With rain in the forecast, Ketchikan switches back to hydroelectric power

Rain gear proved useful in Ketchikan back in 2017, when rainfall easily broke the previous summertime record. This year has been much drier, causing problems for the hydroelectric-dependent Ketchikan Public Utilities. (Photo by Leila Kheiry/KRBD)

Following an extremely dry summer (by rain forest standards), October in southern Southeast Alaska started off equally dry. But, the second half of the month has brought enough rain that Ketchikan’s electric utility is switching off its diesel generators, at least for the moment.

October is usually one of the rainiest months in rainy southern Southeast Alaska. Ketchikan sees an average rainfall of about 20 inches in October.

This year, though, it was more like 11 inches – and most of that fell in the second half of the month. That was enough, though, for Ketchikan Public Utilities, or KPU, to give its diesel generators a much-needed break.

“We produced about 8.8 gigawatt hours of diesel, and burned through a little over half a million gallons of fuel, just for October,” said Andy Donato, KPU Electric Division manager.

He said KPU’s hydro-producing lakes have hit the low end of their target elevation, so KPU is going to turn the hydro back on.

He’ll feel more comfortable to see those lake levels rise more – and soon. And the forecast for the next few days does call for plenty of rain.

In Donato’s job, rain is a blessing.

“Two days ago, I got absolutely soaked. I had to work some outside. I got absolutely soaked, and I was smiling through the whole thing,” he said. “It’s a different perspective, right? When you desperately want the rain.”

Switching back to hydroelectric power is good news for KPU customers who pay a diesel surcharge when the utility needs to run its more-expensive backup generators.

But, while the rain appears to be back, the area remains in a drought.

“Ketchikan should be getting around 19 inches of rain in October. And this is the panhandle’s wettest time of year, that with September. However, you are just around 60 percent of that, which is not even beginning to crack anything on the drought,” said Wes Adkins, a forecaster with the National Weather Service in Juneau.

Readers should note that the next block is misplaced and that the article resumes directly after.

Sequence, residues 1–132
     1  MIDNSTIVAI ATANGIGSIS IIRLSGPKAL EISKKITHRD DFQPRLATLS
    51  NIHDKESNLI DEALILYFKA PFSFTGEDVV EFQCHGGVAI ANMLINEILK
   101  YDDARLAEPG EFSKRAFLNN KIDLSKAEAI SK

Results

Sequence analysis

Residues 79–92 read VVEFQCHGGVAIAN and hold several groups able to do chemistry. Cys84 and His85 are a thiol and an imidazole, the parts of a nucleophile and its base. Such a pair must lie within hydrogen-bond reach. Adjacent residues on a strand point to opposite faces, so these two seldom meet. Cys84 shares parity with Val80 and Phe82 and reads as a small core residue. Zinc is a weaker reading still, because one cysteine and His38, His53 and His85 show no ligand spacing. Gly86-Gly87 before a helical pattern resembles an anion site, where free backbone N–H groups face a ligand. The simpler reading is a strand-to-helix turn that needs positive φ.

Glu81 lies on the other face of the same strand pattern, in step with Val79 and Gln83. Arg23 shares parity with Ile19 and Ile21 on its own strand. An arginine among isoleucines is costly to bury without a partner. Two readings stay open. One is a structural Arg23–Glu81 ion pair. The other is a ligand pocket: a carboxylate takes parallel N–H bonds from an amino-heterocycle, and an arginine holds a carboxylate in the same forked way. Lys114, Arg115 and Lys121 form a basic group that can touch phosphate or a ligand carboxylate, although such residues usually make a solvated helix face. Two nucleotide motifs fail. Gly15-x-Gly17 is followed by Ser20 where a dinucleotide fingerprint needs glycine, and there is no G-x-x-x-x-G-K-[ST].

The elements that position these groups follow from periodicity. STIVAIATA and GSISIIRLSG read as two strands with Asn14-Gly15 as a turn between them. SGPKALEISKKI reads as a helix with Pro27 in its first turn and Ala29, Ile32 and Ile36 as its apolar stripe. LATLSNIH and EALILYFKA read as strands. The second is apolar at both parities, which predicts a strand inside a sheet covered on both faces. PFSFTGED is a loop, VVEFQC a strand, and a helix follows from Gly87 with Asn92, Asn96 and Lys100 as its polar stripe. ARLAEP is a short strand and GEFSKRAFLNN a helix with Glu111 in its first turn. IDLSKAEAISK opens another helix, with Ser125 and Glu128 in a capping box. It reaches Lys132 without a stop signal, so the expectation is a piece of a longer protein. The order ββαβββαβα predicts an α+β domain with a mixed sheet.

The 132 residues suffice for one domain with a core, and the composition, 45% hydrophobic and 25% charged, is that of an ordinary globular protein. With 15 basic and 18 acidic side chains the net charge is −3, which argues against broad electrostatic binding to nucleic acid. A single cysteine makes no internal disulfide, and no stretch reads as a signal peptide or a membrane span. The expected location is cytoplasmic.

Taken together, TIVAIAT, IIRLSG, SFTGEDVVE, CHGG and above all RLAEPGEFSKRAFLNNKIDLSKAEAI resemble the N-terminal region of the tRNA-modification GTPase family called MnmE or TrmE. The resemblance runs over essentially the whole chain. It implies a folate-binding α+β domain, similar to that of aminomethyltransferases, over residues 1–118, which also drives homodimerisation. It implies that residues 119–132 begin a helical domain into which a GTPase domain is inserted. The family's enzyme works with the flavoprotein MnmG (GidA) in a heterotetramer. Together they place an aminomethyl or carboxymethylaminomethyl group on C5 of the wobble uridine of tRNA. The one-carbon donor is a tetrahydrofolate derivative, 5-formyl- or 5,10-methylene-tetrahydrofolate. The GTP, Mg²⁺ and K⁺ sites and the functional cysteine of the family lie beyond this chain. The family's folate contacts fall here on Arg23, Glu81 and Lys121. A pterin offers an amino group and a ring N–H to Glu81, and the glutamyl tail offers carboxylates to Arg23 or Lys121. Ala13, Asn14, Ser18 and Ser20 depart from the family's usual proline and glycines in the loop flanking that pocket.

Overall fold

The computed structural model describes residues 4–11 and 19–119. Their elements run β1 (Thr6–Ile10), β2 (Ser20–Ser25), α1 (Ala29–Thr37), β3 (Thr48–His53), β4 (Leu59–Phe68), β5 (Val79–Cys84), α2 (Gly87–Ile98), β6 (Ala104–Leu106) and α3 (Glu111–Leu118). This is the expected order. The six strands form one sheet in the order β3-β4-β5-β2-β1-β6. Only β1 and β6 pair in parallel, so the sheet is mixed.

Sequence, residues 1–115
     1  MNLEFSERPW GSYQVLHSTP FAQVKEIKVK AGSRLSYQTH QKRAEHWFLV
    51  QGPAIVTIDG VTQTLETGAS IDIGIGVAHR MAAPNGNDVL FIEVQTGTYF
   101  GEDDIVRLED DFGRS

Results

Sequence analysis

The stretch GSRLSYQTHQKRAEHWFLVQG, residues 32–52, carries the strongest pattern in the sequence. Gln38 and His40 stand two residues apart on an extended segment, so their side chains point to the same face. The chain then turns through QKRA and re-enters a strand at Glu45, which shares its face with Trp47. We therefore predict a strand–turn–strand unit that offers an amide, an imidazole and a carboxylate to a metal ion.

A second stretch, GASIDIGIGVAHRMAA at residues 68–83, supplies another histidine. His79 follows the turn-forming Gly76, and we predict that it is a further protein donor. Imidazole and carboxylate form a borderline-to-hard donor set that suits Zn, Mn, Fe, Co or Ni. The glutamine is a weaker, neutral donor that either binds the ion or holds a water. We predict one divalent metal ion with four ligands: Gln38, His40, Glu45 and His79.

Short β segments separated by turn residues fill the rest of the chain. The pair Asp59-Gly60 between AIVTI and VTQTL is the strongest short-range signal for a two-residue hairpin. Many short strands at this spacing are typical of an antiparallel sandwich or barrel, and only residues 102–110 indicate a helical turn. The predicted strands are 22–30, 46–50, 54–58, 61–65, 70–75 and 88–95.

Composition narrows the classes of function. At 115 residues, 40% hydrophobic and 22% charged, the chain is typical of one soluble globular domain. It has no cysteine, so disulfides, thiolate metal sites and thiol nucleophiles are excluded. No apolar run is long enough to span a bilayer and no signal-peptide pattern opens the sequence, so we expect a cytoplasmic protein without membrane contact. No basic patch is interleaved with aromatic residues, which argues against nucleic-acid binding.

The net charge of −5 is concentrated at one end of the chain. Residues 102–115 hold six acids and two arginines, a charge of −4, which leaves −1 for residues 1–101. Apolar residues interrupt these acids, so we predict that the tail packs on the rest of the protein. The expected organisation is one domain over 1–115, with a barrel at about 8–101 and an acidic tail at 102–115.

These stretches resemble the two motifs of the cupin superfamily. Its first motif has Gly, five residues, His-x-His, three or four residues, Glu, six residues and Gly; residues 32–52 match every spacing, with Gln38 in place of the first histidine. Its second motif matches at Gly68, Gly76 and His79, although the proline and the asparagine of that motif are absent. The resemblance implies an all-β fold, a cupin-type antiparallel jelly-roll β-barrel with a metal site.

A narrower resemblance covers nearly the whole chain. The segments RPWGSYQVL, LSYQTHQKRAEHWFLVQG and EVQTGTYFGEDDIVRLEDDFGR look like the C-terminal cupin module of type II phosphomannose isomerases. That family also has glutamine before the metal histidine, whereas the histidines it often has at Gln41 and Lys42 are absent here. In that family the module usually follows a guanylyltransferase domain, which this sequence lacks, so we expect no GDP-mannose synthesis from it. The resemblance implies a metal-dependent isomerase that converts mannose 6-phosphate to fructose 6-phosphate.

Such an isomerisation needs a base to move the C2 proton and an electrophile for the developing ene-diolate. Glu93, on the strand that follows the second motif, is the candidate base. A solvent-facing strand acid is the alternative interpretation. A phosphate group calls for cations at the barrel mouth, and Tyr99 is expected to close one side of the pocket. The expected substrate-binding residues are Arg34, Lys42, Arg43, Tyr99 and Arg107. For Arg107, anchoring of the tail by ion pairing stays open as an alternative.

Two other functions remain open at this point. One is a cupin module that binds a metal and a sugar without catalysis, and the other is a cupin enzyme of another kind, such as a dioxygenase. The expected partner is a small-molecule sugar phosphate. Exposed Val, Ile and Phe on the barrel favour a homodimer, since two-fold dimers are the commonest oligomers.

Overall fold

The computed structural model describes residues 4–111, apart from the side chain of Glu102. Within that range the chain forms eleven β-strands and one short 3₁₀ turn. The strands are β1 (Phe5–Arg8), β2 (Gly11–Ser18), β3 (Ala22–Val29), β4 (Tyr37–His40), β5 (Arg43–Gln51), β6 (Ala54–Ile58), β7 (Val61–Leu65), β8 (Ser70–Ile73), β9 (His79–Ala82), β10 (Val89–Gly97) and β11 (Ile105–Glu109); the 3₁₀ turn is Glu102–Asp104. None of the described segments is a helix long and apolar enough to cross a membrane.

He said this October is the area’s eighth driest on record. Those records go back about 100 years.

Adkins said the forecast now indicates a more normal weather pattern for the area, so that means the rain should stick around for the next month or so.

Rick Fritsch is a meteorologist with the National Weather Service in Juneau. He said we’re headed into an El Nino winter.

“For us here in Southeast Alaska, that usually translates into a warmer-than-normal winter, so that’s bad for the snow at a higher elevation, but in this particular case it also looks like it’s going to be a wetter-than-normal winter,” he said. “So, that will give the various power providers and the rain forest an opportunity to recover this winter.”

Fritsch studies long-term trends to get the bigger climate picture for Southeast. He said Ketchikan has seen a lot of variability in precipitation over the past 16 years.

Looking at the summer months of June, July and August, he pointed out repeated instances of soggy summers followed by extra-dry ones.

The most recent example is this summer.

“Only 12.48 inches,” Fritsch said. “Now, 12.48 inches rivals the record for lowest summertime precipitation. And the funny thing is the previous summer of 2017 was the wettest summer on record. So, huge extremes going on in the southern Panhandle.”

That’s not a problem when the extreme is wet, he said, because rain forests are supposed to be wet. When it’s dry, though, things get tricky.

“It affects the power, it affects the rain forest, it affects the salmon. It affects a lot of things in a very negative fashion,” Fritsch said.

Fritsch said climate change could be a factor in this precipitation variability. The long-term trend has shown an increase in rain over the last 30 years. And he said warmer and wetter weather is something predicted by climate change scientists.

That isn’t necessarily bad news for the Ketchikan area, which has always received more rain than snow anyway. Go a little further north, though, and even a slight shift in temperature can make a big difference.

“An average temperature that hovers right around freezing, and the average temperature rises,” Fritsch said. “You very quickly go from snowfall measured 84 to 94 inches a year to snowfall measured 60 inches a year.”

That means less of a snowpack in the mountains, which means less “stored water” that melts slowly and fills up an area’s lakes during the drier months.

Snowpack is a potential concern for the Ketchikan area this year, too. If the long-range forecast of a warmer, wetter winter pans out, there might not be much of a snowpack for spring and summer.

But KPU’s Donato said for the moment, he just wants rain.

“I’ll worry about spring in spring,” he said. “But right now we’re desperate. We’ve got to make sure we get some of that into the reservoirs.”

Because once it starts snowing, the precipitation is locked up in solid form until the weather warms up. If the lakes are still low when that happens, Donato said, KPU will have to again switch on the backup diesel generators.

KPU’s diesel generators have been on 24/7 since mid-October, and already had been running five days a week for several weeks before that.

Donato said the diesels will be switched off Friday evening. After a full weekend on hydro, Donato said KPU officials will evaluate lake levels on Monday and decide whether they can continue with full-time hydroelectric power.

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